Two Decades of Mysterious Assassinations in Afghanistan
After the Bonn Conference in 2001, which established the transitional government led by Hamid Karzai, the trend of assassinating influential figures in Afghanistan began. The first victim of these killings was Haji Abdul Qadir, the Vice President of Afghanistan and Minister of Public Affairs. In addition to being a key figure in the Bonn Conference, he was also a leading commander in the fight against the Taliban.
Over the 19 years following the Bonn Conference, the scope of these assassinations became wider and more ambiguous, leading to the killing of dozens of Afghan politicians and officials. Burhanuddin Rabbani, head of Afghanistan's High Peace Council and one of Afghanistan's most prominent jihadist figures, was also assassinated in 2011.
Many of these assassinations were mysterious and carried out in a way that no individual or group claimed responsibility for them. After each incident, the government promises to identify the perpetrators of these killings but has so far failed to keep its promises. Given the government's failure to prevent assassinations, relatives of some of the victims blamed the assassinations on the government.
The mysterious killings continue to target not only influential people but also low-ranking government officials and even religious figures and intellectuals.
More than any other group, Afghanistan's judiciary has its members targeted and killed. In the past few years, dozens of judges, prosecutors, and staff of these institutions have lost their lives. In most of these cases, the Taliban has claimed responsibility.
Last month, four prosecutors responsible for the release of Taliban prisoners were assassinated by unknown individuals on their way to their offices. The Taliban denied any involvement in the incident. Zalmay Khalilzad, the US Special Representative for Afghanistan Reconciliation, condemned the attack in a tweet, saying: “This attack was carried out by the enemies of peace.”
The Assassination of Secular Figures and Religious Scholars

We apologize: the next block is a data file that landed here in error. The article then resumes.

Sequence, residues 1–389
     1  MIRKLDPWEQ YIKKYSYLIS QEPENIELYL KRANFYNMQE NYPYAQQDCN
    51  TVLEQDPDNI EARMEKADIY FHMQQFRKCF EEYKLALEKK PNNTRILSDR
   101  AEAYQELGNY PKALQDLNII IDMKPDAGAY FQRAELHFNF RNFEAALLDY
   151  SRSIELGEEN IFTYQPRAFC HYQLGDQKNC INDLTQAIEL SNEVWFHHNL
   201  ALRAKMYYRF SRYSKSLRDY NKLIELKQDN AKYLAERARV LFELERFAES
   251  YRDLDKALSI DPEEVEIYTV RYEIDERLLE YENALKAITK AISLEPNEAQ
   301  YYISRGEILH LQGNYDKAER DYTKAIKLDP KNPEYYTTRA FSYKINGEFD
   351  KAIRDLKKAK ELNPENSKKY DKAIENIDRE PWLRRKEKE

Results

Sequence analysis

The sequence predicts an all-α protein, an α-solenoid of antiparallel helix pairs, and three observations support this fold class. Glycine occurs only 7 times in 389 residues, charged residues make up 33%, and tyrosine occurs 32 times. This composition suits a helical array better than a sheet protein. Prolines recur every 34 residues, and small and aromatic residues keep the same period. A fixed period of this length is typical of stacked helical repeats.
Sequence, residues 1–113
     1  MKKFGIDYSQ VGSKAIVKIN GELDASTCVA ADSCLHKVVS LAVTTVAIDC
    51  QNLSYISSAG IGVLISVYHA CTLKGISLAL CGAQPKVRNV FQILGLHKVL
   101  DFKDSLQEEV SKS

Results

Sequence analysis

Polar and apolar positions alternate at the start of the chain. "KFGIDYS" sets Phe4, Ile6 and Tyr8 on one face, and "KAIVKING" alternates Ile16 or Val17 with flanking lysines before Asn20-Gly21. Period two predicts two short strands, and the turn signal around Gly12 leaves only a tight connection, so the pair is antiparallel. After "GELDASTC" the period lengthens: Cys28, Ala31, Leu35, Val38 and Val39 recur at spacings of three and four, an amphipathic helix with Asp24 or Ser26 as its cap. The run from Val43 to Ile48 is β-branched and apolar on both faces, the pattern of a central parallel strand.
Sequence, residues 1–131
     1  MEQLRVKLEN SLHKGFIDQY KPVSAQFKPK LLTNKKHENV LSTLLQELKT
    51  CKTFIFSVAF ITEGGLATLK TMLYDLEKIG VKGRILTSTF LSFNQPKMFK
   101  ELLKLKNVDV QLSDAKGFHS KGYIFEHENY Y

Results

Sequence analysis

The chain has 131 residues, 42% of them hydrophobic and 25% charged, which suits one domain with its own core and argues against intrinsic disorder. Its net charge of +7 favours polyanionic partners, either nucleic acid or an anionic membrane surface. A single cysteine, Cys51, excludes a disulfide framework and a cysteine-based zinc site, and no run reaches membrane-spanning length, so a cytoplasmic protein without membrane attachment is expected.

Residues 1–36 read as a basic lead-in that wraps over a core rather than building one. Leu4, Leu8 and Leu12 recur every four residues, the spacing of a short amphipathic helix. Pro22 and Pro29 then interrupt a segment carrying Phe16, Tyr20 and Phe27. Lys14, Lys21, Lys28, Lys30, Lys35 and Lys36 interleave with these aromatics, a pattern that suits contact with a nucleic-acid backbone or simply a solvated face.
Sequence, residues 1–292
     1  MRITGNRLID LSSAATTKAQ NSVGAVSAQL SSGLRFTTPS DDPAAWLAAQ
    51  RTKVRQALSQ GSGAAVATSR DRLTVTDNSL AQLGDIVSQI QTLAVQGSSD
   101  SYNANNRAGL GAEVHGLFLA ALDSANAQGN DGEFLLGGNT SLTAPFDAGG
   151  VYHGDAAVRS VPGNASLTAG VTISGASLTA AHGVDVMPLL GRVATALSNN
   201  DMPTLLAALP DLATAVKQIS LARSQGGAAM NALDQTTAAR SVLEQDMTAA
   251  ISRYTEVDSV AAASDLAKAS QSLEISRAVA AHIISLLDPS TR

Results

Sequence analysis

For the Taliban, anyone who works or cooperates with the Afghan government is a legitimate target. The line “Talib! Get Rid of the Secular”, taken from a Taliban’s song, reveals that the group believes the government employees are secular and must either surrender to the Taliban or be killed. The song is accompanied by video footage of the Taliban targeting government troops with snipers. On their website, they have published a list of commanders killed in a year, as well as a list of those who surrendered to the Taliban.
In addition, there are other targeted and mysterious murders for which no one accepts responsibility. The victims of these attacks are from all walks of life in Afghanistan, from politicians to religious figures and businessmen and even students.
But the recent assassinations of religious figures in Muslim holy places such as mosques have taken everyone by surprise.
Ayaz Niazi, the imam of Wazir Akbar Khan Mosque in the heart of Kabul, a few hundred meters from the Presidential Palace, was the most prominent cleric to be killed in a suicide attack on a mosque last month. Even the Taliban condemned his murder and the perpetrators have not yet been identified. He always criticized ISIS attacks and at the same time criticized the presence and attacks of foreign troops against civilians. In his last sermon, Niazi denounced the Iranian government's treatment of Afghan refugees who were shot dead by security forces and called for the death of several people and invoked international human rights organizations to file a lawsuit.